What Were The Biggest Volcano Eruptions?

Volcano Erupting
© fboudrias/Shutterstock.com

Written by Emmanuel Kingsley

Updated: May 12, 2022

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No doubt, when we hear about volcanic eruptions, many things run through the human mind with a constant reminder that the earth can be dynamic with what it births and be dangerous simultaneously. Although volcano images undoubtedly create a beautiful atmosphere for onlookers from afar off, they can trigger other life-threatening natural disasters to nearby communities and wild animals. Did you know that an erupting volcano can activate natural disasters, including flash floods, earthquakes, rock falls, tsunamis, mudflows, and ash, into surrounding regions?

But the big question is, has any eruption triggered these many natural disasters at once? Let’s look at some of the biggest volcanic eruptions.

The Biggest Volcano Eruptions

1. Mount Tambora

Mount Tambora Indonesia

Mount Tambora birthed the worst volcanic eruptions.

©This image was taken by the NASA Expedition 20 crew. / This file is in the public domain in the United States because it was solely created by NASA. NASA copyright policy states that “NASA material is not protected by copyright unless noted”. (See Template:PD-USGov, NASA copyright policy page or JPL Image Use Policy.) – Original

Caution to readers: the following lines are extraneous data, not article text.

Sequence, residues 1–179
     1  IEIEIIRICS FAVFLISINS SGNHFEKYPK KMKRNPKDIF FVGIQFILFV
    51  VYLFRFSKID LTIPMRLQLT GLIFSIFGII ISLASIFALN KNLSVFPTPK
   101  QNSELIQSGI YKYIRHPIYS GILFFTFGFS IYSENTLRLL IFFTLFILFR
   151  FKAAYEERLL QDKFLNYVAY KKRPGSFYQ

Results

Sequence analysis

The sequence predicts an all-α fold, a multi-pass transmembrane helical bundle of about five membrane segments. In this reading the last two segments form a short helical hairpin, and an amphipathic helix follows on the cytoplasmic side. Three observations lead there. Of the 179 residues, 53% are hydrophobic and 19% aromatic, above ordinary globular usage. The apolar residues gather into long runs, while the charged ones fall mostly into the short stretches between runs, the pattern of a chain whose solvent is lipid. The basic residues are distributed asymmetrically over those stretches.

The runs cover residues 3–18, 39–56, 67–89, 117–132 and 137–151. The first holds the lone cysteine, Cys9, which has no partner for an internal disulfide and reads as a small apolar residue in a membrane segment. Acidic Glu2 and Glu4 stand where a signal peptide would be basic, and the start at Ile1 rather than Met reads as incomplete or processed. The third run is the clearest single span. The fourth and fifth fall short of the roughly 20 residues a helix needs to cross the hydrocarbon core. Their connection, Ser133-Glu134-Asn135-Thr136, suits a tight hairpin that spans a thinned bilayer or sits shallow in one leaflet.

Indonesia is home to the most active volcanoes, and Mount Tambora tops the list of the 100-plus active volcanoes in this region. Unfortunately, it birthed the worst volcanic eruptions in history and terrible after-effects. The 1815 eruption rocked the world with severe after-effects causing diseases, harming crop growth in the surrounding regions, and tampering with climate change as far away as North America. Over 100,000 lives were lost as a result of this natural disaster.

2. Mount Krakatoa

Mount Krakatoa

The eruption of Mount Krakatoa in 1883 killed more than 35,000 people.


In truth, Indonesian volcanoes cannot be swept under the carpet when talking about volcanic eruptions with massive destruction. A notable story was the eruption in 1883, killing more than 35,000 people. The massive death and destruction were courtesy of the tsunamis triggered by the eruption. In the same year, Indonesia witnessed a series of extreme explosions lasting over a few months. The gigantic blast propelled ash 50 miles away into the air and could be heard 2,800 miles away in Australia.

3. Mount Pelée

Mount Pelée

Of all the volcanic disasters of the 20th century, the eruption of Mount Pelee could be considered the worst.


Like Indonesia, the Caribbean tops the list among the geographical locations with devastating volcanic eruptions. Of all the volcanic disasters of the 20th century, the eruption of Mount Pelee could be considered the worst. The eruption took place on Martinique Island in the Caribbean, leaving about 30,000 people dead.

4. Mount Ruiz

Mount Ruiz

The 1985 eruption of Mount Ruiz killed 25,000 people.

©Edgar Jiménez / flickr – Original / License

In 1985, South America experienced the most destructive volcanic eruptions. Sadly, the gigantic blast claimed about 25000 lives. A mixture of ash, mud, and water rushed down the volcano’s slope through river channels, and the mud almost totally buried a town 30 miles from the volcano.

5. Mount Vesuvius

Mount Vesuvius Italy

Mount Vesuvius experienced a dreadful volcano in Italy in AD 79.


The most dreadful volcanic eruptions list would not be complete without mentioning the great Pompeii incident. Mount Vesuvius experienced a dreadful volcano in Italy in AD 79, which devastated the nearby cities of Herculaneum and Pompeii. Sadly, thousands of lives were lost.

Health Effects of Volcanoes